Because such cycles are so common over the whole Arctic and also for many vole populations in boreal forests, there has been much research to decipher the mechanisms behind this regularity, especially in northern Europe. Cycles of abundance are not unique to lemmings. Snowshoe hares, Western tent caterpillars, and Scottish rock ptarmigans are examples of other species with cycles. However, lemmings and voles are special, not only because of their shorter cycles, but also because of how common they are over a large geographical range. 

Despite a century of research, pinpointing a single factor driving lemming cycles has proven to be very difficult: instead, the complexity of such a phenomenon has been brought to light. Extreme meteorological events, seasonal migrations, parasitism, overgrazing, increasing plant defenses against herbivores, social stress and aggressivity, and the structure of the whole food web, such as what plant and predator species are present, must all be considered. 

So, how do we learn about and study these factors? Much evidence has come from field research on Bylot Island at Sirmilik National Park, near Pond Inlet. After 30 years of study by researchers from the Centre for Northern Studies, of which I have been involved for about 10 years, evidence shows that predation is the most important factor responsible for the lemming cycles there.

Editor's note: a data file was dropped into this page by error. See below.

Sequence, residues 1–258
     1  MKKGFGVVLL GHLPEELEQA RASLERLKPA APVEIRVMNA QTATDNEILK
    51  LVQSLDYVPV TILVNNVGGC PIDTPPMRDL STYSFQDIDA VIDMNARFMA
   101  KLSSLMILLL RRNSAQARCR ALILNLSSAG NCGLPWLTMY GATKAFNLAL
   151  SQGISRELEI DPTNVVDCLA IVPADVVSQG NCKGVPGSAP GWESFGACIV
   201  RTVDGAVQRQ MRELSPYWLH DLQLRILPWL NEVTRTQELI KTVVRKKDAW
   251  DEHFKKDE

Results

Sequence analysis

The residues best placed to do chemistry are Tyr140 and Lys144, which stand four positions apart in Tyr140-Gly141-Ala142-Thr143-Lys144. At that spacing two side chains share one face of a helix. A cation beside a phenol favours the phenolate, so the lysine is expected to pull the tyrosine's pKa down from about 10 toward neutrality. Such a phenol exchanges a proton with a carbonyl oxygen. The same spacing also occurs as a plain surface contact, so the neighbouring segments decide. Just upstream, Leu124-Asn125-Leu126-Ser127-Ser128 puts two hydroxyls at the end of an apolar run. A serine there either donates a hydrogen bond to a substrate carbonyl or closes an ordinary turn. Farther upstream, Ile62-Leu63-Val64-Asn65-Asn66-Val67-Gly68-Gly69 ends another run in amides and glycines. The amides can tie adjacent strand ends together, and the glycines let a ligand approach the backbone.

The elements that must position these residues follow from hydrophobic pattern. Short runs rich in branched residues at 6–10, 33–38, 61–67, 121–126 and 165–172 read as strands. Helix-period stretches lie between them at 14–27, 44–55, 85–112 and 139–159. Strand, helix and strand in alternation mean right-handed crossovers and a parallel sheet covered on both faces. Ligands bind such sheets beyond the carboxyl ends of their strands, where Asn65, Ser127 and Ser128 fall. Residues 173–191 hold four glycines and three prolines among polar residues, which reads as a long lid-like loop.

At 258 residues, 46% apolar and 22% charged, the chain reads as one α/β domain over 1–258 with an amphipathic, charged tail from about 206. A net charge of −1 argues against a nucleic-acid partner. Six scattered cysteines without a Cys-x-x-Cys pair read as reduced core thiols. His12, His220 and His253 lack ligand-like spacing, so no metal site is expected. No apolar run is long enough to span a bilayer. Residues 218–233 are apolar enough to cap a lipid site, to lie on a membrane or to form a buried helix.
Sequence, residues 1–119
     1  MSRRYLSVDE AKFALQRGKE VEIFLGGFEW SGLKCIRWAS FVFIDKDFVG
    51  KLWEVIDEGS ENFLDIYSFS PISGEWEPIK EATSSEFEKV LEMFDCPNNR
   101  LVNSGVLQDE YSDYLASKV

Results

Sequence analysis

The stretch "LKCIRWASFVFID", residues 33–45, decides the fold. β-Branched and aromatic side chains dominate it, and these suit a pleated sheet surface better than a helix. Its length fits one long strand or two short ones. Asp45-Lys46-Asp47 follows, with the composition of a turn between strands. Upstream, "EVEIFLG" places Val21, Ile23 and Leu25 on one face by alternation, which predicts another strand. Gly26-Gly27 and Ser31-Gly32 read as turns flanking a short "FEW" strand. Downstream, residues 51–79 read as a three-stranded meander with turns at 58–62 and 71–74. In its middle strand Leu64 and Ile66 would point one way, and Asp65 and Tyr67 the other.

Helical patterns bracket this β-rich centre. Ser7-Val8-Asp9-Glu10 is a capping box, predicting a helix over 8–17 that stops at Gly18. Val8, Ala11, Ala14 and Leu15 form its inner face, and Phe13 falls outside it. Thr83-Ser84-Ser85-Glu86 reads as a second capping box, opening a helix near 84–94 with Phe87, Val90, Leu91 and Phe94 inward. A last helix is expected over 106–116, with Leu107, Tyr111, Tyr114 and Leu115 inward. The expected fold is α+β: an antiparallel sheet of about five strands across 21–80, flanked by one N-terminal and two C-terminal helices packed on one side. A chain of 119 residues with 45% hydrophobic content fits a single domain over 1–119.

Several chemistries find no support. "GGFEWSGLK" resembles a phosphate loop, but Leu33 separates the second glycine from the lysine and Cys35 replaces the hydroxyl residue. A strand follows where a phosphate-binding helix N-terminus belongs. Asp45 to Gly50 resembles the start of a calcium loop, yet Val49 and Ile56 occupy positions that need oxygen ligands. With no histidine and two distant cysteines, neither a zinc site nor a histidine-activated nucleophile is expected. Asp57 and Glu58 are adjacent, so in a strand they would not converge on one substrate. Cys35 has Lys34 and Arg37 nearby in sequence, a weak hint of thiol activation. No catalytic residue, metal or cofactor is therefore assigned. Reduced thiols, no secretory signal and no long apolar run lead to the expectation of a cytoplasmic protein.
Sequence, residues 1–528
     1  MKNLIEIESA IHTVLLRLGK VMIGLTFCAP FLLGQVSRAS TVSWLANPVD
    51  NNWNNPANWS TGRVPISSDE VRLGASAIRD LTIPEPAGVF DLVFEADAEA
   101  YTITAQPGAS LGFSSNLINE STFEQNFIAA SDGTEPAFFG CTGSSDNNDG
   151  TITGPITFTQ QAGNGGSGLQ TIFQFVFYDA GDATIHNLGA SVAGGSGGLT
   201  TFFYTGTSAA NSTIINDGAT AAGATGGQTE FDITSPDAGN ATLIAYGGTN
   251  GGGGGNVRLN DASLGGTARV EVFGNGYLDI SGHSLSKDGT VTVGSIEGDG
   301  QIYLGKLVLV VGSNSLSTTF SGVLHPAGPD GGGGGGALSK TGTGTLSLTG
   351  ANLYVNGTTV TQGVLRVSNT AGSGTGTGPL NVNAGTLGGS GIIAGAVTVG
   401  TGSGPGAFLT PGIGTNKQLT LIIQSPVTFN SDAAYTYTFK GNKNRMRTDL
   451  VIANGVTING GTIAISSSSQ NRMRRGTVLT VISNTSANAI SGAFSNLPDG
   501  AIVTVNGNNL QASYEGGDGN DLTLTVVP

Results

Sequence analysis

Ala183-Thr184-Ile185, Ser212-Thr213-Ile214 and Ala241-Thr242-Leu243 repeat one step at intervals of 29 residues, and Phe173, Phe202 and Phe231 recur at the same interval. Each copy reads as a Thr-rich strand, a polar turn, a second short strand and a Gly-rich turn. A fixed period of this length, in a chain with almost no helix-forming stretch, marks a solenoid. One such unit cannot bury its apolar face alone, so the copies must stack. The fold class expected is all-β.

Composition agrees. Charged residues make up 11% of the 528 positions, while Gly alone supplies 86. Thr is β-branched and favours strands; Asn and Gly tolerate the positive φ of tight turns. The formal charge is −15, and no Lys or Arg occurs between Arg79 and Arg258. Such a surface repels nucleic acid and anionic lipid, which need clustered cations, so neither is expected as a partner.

Our studies have shown that the plants lemmings eat barely change throughout their cycles, which tells us their food remains available and abundant. We also found that by fencing an area to keep all predators away (including a net to keep birds away), the abundance of lemmings doubled compared to outside the fence. The fencing also succeeded in slowing down the population decline, although not completely because lemmings could leave the fence. 

View of the field research camp on Bylot Island. © Dominique Fauteux, Canadian Museum of Nature.

Comparing lemming cycles in the Canadian Arctic 

In 2018, my collaborators and I decided to study if other lemming populations of the Arctic were cycling. To do this, we started field monitoring programs in both Salluit in Nunavik and Cambridge Bay in western Nunavut to make comparisons with the field site on Bylot Island and determine if the factors driving the cycles are the same. 

We already know that Cambridge Bay has a different habitat than Bylot Island with less microtopography caused by the melting of permafrost, and less common mossy wetlands, which are typical habitats for brown lemmings. 

In Salluit, which I most recently visited in the summer of 2021, we were surprised that in addition to the one and only Ungava collared lemming, a species only found in Nunavik, we found Northern bog lemmings, a species that was never recorded there, and Meadow voles in very similar habitats. 

We are very excited to pursue our monitoring over the next few years to understand how these three species interact and whether they all cycle together or not. 

Dominique Fauteux is a research scientist in zoology at the Canadian Museum of Nature in Ottawa, Ontario. 

Dominique Fauteux’s fieldwork is supported by Canadian North, Air Inuit, the Centre for Northern Studies, and the Polar Shelf Continental Program of Natural Resources Canada. His current research is done in collaboration with Polar Knowledge Canada. 

VIADominique Fauteux